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Nanoscale Insights into the Mechanisms Responsible for the Strange Kinetic and Solubility Behavior of Aragonite in Seawater

Presented on Wednesday, Oct 8th at 10:40am at the 2008 Joint Meeting (GSA)

For close to 50 years the precipitation kinetics and solubility behavior of aragonite in seawater have been observed to be unusual. Examples include precipitation on oöids where "resting periods" are needed between periods of growth, "kinetic solubilities", aragonite mud porewaters and inner Great Bahama Bank waters all yielding an IAP about twice the thermodynamic solubility of aragonite, and that for experimental time periods less than months the apparent equilibrium IAP is strongly time dependent. This behavior clearly points to complex reaction processes occurring on and near the aragonite-seawater interface.
In this study single aragonite crystals were exposed to seawater for time periods ranging from hours to months. The morphologies of the surface precipitates were studied using SEM and the overgrowths were analyzed using a variety of TEM techniques which provided very detailed information on growth patterns, structure, and composition.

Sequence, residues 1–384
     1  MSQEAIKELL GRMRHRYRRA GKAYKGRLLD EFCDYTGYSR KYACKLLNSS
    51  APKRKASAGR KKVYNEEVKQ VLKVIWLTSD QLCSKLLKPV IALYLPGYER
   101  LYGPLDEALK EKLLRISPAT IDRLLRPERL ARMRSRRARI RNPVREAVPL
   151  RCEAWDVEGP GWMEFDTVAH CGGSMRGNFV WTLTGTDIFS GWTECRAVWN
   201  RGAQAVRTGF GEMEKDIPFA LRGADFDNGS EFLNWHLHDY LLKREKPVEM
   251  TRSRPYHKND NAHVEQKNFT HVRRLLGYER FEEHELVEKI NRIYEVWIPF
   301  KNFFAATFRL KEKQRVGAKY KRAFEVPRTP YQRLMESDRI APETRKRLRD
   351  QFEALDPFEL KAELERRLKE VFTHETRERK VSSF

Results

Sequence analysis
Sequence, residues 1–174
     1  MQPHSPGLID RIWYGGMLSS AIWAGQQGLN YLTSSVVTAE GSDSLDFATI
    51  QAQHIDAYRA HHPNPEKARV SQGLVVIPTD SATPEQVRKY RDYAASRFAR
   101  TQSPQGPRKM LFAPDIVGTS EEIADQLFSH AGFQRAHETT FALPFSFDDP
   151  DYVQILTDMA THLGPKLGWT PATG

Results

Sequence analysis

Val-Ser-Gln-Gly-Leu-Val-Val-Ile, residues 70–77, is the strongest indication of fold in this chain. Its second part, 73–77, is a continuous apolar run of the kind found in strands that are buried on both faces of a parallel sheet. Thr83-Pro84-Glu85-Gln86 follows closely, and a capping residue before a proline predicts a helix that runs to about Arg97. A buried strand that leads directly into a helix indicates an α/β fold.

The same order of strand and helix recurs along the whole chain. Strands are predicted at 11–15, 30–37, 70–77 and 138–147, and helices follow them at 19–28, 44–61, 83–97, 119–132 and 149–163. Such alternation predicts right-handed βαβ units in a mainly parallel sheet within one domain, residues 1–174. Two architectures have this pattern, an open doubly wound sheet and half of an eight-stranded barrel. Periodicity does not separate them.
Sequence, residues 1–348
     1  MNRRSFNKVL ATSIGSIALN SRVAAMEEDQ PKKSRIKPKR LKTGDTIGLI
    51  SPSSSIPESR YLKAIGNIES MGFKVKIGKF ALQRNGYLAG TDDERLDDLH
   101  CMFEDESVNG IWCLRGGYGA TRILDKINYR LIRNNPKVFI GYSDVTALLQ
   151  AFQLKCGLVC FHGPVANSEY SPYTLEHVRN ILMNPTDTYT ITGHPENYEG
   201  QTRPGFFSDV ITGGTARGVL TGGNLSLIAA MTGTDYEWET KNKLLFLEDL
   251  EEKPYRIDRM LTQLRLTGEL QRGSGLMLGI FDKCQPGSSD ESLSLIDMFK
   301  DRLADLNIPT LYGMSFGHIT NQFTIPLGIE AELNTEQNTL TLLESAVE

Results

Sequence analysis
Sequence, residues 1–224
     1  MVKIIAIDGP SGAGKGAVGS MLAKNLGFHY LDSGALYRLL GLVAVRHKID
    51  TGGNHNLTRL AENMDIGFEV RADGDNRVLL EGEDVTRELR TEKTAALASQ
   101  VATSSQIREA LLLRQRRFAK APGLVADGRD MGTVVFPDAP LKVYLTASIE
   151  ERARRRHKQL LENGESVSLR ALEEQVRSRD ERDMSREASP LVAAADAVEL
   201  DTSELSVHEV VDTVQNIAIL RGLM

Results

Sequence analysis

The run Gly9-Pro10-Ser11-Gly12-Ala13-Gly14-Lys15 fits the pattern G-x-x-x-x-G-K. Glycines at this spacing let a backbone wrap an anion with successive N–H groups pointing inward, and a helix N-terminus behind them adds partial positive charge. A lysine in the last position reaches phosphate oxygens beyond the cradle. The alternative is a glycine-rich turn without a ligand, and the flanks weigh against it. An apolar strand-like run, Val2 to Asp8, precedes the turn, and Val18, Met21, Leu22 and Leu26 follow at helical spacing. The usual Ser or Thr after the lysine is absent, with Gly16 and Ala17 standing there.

For normal seawater (~4x supersaturated), the initial precipitate consisted of widely scattered submicron individual spherulitic crystals. With time their density increased to multiple layers which were composed of submicron crystals. After ten days, and increasingly to 50 days, compact fibrous arrays of crystals started to appear which probably were composed of aragonite. TEM studies of the early-formed material indicated that it had an amorphous calcium carbonate near-surface region about 80 nm in thickness underlain by aragonite that was crytallographically contiguous with the host aragonite crystal. Both contained Mg which was absent from the substrate. These observations demonstrate the complexity of the reactions taking place between aragonite and supersaturated seawater.